Category: Bereavement

Not Died: A Love Story

Not Died: A Love Story

I enjoy conversations with my granddaughter so much. During this week’s sleepover, while making star-shaped cookies on a stick that looked like magic wands, the topic of dragonflies came up. Over the summer, we noticed a dead dragonfly on the sidewalk at Congress Park. Remembering that dragonfly has become a predictable segue for talking about my parents, which is one of her favorite topics.

“The dragonfly’s body stopped working, just like your mommy and daddy’s. Your mommy and daddy died. But they’re not died…right?”

“Yes,” I confirmed. “My mommy and daddy’s bodies stopped working, so they don’t have bodies anymore. But they are still able to love!” 

It’s true.

I used to write a lot about grieving my parents’ deaths. Writing was how I made my way through the dark forest of grief. Eventually, I found myself on the other side of the forest. The darkness was behind me. Mercifully, life goes on, and a new chapter begins.

Beyond grief, there is another story waiting to blossom. A rather amazing one if we’re open to it.

Our dearly departed continue to connect with us after they’re gone. But they are so much more than the quirky personalities they had on earth. They offer pure, unconditional love. If you allow yourself to receive it, it can transform your life. Big-time. It can save you from yourself and turn you into your own best friend. I know because it happened to me.

It started as a little voice that countered the words of my Inner Critic. As I paid attention to it, the voice grew louder and more constant. And when I heard it, I felt my mom’s presence. It seemed like she was near and speaking to me through my own heart. But it wasn’t the voice of her personality. It was the voice of unconditional love. I felt my mother’s deep, abiding love for me, as if it were a seed planted in my heart. It was also like being on the receiving end of the steadfast love I’ve always had for my children. The kind of love that didn’t want them to suffer and learn things the hard way, and didn’t need to be right. No ego, just pure love.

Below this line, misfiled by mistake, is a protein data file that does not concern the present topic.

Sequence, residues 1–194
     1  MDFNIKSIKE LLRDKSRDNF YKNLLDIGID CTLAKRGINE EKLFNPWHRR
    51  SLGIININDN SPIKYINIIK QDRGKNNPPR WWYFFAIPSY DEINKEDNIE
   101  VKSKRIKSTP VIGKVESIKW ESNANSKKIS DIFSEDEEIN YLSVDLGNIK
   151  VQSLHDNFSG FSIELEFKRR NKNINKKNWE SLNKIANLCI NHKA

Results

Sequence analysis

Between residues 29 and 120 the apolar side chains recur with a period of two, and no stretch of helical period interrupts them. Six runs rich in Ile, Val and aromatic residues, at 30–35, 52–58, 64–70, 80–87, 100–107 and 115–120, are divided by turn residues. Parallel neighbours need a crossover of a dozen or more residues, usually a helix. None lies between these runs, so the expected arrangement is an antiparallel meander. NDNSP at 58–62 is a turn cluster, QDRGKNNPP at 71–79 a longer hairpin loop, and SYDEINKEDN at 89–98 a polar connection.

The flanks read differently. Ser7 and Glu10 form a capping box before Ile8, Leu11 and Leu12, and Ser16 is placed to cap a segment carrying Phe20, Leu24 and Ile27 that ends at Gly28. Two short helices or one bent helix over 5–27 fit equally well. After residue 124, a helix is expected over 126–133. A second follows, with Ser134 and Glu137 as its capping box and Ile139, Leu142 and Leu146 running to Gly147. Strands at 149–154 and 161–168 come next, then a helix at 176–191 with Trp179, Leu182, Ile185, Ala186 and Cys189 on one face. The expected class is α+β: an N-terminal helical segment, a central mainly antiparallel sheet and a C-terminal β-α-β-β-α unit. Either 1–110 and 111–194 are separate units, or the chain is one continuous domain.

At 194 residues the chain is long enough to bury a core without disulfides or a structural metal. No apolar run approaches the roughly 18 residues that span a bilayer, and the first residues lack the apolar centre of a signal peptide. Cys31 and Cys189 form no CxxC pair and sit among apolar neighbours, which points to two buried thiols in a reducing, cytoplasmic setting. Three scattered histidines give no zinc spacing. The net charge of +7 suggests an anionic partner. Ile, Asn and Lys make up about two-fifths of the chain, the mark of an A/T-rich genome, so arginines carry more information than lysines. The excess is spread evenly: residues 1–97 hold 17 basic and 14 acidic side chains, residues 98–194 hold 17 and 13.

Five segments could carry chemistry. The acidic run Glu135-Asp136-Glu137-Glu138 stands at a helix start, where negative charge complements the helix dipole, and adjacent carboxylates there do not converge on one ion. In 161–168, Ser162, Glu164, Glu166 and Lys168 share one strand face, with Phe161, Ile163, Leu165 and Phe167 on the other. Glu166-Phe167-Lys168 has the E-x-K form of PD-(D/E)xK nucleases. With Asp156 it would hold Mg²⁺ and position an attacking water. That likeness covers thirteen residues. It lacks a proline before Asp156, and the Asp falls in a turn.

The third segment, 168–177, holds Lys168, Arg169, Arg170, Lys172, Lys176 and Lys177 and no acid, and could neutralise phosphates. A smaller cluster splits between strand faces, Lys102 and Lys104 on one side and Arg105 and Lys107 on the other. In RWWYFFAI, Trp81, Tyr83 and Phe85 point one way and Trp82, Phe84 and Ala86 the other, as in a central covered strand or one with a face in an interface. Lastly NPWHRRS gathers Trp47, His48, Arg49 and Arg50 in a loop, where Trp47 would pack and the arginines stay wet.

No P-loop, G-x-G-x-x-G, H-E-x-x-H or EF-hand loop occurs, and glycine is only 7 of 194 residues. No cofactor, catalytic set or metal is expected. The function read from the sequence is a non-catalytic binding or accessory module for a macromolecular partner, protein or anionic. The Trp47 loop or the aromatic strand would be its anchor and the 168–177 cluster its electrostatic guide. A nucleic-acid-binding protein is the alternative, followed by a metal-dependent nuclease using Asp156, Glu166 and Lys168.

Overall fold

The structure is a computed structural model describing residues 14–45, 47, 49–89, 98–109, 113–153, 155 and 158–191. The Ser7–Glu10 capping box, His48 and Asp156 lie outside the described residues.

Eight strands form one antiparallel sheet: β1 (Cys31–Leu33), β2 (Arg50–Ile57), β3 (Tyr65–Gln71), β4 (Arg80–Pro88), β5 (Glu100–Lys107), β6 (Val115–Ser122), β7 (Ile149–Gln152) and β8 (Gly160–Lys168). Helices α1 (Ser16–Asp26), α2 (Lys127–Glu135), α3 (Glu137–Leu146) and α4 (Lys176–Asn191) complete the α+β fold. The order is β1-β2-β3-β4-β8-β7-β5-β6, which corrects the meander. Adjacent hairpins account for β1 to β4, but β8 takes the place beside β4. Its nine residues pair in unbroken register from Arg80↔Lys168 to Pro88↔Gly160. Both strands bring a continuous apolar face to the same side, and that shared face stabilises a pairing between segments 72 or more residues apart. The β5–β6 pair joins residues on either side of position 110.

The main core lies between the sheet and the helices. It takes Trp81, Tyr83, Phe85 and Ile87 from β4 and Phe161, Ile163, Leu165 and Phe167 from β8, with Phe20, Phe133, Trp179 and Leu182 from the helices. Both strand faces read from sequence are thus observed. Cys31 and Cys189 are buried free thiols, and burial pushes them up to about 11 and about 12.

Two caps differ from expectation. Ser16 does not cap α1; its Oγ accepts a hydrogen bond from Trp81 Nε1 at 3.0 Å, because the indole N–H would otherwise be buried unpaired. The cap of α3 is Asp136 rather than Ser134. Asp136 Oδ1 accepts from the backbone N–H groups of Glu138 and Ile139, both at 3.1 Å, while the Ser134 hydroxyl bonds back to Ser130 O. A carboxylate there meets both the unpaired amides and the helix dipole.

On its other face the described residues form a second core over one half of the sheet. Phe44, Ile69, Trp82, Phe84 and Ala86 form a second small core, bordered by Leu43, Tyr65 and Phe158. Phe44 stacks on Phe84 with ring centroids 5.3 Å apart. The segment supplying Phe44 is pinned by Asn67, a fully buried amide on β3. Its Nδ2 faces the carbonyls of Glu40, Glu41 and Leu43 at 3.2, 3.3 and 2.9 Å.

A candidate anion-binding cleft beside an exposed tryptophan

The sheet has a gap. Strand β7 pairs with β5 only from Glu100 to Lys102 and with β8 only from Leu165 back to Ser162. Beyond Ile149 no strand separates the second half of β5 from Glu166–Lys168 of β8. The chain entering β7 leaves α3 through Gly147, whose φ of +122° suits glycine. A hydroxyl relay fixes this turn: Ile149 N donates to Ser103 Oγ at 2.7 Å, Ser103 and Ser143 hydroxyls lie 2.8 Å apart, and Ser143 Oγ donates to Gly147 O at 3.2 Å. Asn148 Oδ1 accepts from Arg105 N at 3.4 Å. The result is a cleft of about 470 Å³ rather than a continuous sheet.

It was like my mother’s love was beaming straight into my heart and watering that seed, and also holding a mirror that reflected my love and compassion for others right back to me. So I could love myself. Really love myself, probably for the first time ever.

See, I went through some difficult years after my mom died. Grief made me vulnerable to losing myself in a way empaths are prone to. I’d given away my power, and as much as I wanted to, I couldn’t seem to take it back and set myself free. I was really stuck, and it was the worst feeling. I felt powerless and prayed often for help and guidance to rise above the illusions and habits that imprisoned me. And whenever I asked, it was given.

For a while, it was a being of light similar to Glinda, the Good Witch standing at the entrance to the forest of forbidden thoughts in my mind. She radiated love and light and assured me that there was nothing there for me. Her compassionate presence served as a shield that prevented me from stepping into the danger zone. She helped me to have healthier boundaries and to form new neural pathways by putting warning signs at the entrances to the old ones.

Then they arrived. All of them. Everyone who had truly loved me before they passed into non-physical. They formed a circle around me, and I felt their love coming through so strongly. They did not want me to bring suffering on myself but didn’t judge me for doing so. They couldn’t stop me, but they could be present and surround me with love and light.

Their light lit the lamp of my own self-love. It didn’t happen overnight, but in time it empowered me to stop searching outside of myself for love and self-worth and to kindle it from the true source within. And that allowed me to set down the backpack of illusions I had been carrying around. Finally, I didn’t need it anymore. The trance lifted, and I was free to be me and to shine my light brighter than ever.

It feels like I have bushwhacked back to my true Self, reclaimed it, and put it in charge of my life. And I honestly believe I couldn’t have done it without some help from the other side. There were also people in the physical world who helped me to get unstuck, and I’m so grateful for their love and patience. And other women experiencing similar things were some of my clearest mirrors. However, it really felt like a team of angels was assisting me, too. People-pleasing empath that I was, it wasn’t enough for me to want to stop suffering. Realizing that nobody who loved me would want me to suffer is what did the trick. 

Love is strong medicine that can set us free. My parents’ love for me has continued after they passed on and was strong enough to help me to generate self-love, which empowered me to heal. I’ve learned to love and forgive myself, and everyone else, too. Now my self-talk is completely different than it used to be. I relate to myself with unconditional love: so nurturing and forgiving and loving. So powerful and transformative. I’ve never felt so alive, so fully myself.